# Physics 2415: General Physics II

## Presentation on theme: "Physics 2415: General Physics II"— Presentation transcript:

Physics 2415: General Physics II
Lecture 1 Michael Fowler

Basic Outline The course has three main parts, each about a month:
Electrostatics. Magnetism and Magnetic Induction. Electromagnetic Waves. We’ll cover some other waves, and optical phenomena, in the last few lectures. We’ll also cover DC and AC circuits in the course.

Part I: Electrostatics
Electric Charge and Electric Field Gauss’ Law Electric Potential Capacitance and Dielectrics (Then we’ll do DC circuits.)

Nuclei and Atoms An atom consists of a positively charged nucleus surrounded by a cloud of negatively charged electrons. The total electric charge on an un-ionized atom is exactly zero. Unlike charges attract: the nucleus keeps the electrons in orbit by electrical attraction, just as the planets are held by the Sun’s graviational attraction. But…

Nuclei and Atoms Unlike planets around the Sun, electrons are only allowed to circle in certain orbits. (Why this is true is explained by quantum mechanics, and is the basis of the Periodic Table.) The nucleus contains N nucleons, N = Z + A, Z protons each having electric charge e, A neutrons, having no charge. The atom contains Z electrons, charge –e. The protons in the nucleus all repel each other!

What Holds the Nucleus Together?
The nucleons have a strong but very short range attraction, called the nuclear force, it’s like a thin layer of glue around each nucleon. The electrostatic repulsion is longer range, and so is more important in bigger nuclei, unlike the nuclear “glue”, which only attracts neighbors. The electrostatic repulsion is directly responsible for there being only about 100 chemical elements: beyond that, the nuclear glue is overcome and the nucleus flies apart.

Electrostatics in Action… A slow incoming neutron starts a Uranium nucleus wobbling like a drop of water, electrostatic repulsion drives it apart. Larger nuclei will break up without an ingoing neutron.

What Holds Molecules Together?
Molecules are held together by electrostatic attraction, but the details are complicated because allowed electron distribution patterns are determined by quantum mechanics. Example: the Mickey Mouse water molecule: The hydrogen atom’s single electron is drawn towards the oxygen nucleus, so the H’s have net positive charge, and are electrostatically attracted to the O. H O

What Holds Solids Together?
For ordinary salt, mainly electrostatics: the Na atom loses an electron to become Na+, an ion, the Cl gains to become Cl-, the ions form a cubic lattice where all the nearest neighbors of a Cl- are Na+’s.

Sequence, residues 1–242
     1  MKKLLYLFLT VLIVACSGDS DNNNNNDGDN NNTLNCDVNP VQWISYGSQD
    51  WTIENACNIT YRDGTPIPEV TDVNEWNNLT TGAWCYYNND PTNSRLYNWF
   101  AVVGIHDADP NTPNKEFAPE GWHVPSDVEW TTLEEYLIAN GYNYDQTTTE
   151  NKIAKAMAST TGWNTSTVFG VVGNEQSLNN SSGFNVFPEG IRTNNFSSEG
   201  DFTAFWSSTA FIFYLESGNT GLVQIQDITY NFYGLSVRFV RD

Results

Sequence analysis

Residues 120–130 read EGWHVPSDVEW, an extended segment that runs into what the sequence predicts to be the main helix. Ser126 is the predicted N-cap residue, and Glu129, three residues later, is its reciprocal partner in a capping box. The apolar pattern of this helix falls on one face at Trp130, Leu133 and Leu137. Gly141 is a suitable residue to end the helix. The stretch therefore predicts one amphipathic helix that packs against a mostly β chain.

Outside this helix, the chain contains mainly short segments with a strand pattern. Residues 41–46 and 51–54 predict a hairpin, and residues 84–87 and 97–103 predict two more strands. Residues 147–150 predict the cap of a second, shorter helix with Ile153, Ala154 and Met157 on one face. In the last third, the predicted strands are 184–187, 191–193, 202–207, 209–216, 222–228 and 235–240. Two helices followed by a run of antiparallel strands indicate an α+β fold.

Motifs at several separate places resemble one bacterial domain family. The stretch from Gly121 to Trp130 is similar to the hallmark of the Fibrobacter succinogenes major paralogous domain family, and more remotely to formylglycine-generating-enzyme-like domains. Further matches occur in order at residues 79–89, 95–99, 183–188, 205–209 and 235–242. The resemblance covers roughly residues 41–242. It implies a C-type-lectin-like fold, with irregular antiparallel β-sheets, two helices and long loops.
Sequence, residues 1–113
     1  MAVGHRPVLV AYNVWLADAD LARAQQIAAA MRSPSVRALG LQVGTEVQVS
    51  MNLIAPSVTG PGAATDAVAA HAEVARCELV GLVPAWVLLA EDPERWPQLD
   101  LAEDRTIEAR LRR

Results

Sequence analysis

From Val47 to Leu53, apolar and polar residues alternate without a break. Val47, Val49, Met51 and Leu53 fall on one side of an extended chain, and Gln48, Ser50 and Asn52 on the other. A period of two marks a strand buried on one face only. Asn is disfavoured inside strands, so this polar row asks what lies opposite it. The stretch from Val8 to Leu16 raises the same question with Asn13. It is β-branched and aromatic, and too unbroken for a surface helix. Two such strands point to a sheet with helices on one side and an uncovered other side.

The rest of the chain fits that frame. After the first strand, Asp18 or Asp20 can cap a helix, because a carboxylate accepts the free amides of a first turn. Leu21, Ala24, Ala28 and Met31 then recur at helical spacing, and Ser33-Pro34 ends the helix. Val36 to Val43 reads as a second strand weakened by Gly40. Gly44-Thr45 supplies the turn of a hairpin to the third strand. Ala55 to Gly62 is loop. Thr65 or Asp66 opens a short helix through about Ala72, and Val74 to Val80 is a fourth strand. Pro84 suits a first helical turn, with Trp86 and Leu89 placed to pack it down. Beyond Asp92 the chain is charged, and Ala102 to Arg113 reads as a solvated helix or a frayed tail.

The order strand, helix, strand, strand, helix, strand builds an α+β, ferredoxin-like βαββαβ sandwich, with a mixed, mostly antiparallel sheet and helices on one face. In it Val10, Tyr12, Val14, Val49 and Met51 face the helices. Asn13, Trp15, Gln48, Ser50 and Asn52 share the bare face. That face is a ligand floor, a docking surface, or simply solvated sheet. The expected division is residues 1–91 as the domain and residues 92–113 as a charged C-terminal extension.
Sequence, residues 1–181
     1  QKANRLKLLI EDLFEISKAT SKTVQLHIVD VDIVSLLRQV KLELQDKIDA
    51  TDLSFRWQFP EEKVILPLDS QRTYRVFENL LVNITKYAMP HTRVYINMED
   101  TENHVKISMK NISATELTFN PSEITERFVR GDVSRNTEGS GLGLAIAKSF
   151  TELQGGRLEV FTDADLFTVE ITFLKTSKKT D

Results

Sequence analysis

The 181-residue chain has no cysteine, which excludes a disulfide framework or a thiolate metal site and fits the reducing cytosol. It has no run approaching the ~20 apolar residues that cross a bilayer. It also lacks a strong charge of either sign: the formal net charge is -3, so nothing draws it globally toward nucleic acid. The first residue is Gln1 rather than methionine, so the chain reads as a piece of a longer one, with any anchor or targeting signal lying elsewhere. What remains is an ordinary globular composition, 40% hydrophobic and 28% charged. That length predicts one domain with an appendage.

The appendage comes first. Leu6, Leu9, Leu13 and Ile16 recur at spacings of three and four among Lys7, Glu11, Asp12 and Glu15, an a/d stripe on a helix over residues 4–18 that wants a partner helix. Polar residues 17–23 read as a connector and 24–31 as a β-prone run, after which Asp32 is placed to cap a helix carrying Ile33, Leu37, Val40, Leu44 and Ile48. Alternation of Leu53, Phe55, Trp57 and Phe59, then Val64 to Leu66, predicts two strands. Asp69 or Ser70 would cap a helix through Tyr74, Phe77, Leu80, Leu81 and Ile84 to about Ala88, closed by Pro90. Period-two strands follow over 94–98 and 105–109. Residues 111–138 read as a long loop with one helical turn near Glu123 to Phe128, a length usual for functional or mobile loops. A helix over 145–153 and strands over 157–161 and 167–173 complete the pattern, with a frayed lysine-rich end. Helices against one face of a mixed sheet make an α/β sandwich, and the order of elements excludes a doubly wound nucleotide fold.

Contact Electrification
If two dissimilar surfaces are placed in close contact, usually some bonding occurs between atoms, and therefore some electron transfer takes place—so when the surfaces are moved out of contact, one will have an excess of electrons, one a deficiency. True contact at the atomic scale is best achieved by rubbing the surfaces together.

Triboelectric Series Countless experiments in rubbing things together—cats, balloons, etc.—have established the table on the right. For two different surfaces, the one higher in the table will lose electrons and become positively charged. (Note: tribo is from the Greek for rub.) Electrostatic problem…

Positive and Negative Electricity
Ben Franklin did many electrical experiments, some of them crazy, and coined the terms positively charged (meaning, we now know, deficient in electrons) and negatively charged (having extra electrons).

Electric Charge is Always Conserved
That’s obvious when we’re talking about electron transfer by rubbing—but particle accelerators can create protons! It’s found that an antiproton, with negative charge, is always created at the same time. Creating matter means creating antimatter!

Conductors and Insulators
Some solids—like aluminum—have electrons free to move from atom to atom. These are conductors. They’re usually shiny, because the freely moving electrons reflect light very well. In solids like NaCl, or glass, etc., the electrons are tied to atoms, no charge can flow: these solids are insulators. The power is carried by aluminum wires, suspended by glass, polymer, or porcelain insulators.

Attracting Neutrals a A neutral conducting ball will be attracted by an electric charge: electrons will move around in the conductor to be closer to an external positive charge, so experiencing stronger force. For insulators there is sometimes a similar (weaker) effect: the molecules distort to put electrons closer. a a _ + _ + _ + _ +

The Electroscope Charge detector invented by an English clergyman in Two very thin strips of gold leaf hang side by side from a conducting rod. If a + charge is brought near, electrons move up the rod, leaving the two strips positively charged, so they repel each other.

Charging the Electroscope…
By conduction: touch the top conductor with a positively charged object—this will leave it positively charged (electron deficient). By induction: while holding a positively charged object near, but not in contact, with the top, you touch the electroscope: negative charge will flow from the ground, through you, to the electroscope.

Clicker Question I charge the electroscope by conduction, touching it with a charged object, which I then remove. The leaves are apart. I now bring the charged object back close to the electroscope, but not touching it. The leaves: Move further apart Are not affected, if no touching Move closer together.

Download ppt "Physics 2415: General Physics II"

Similar presentations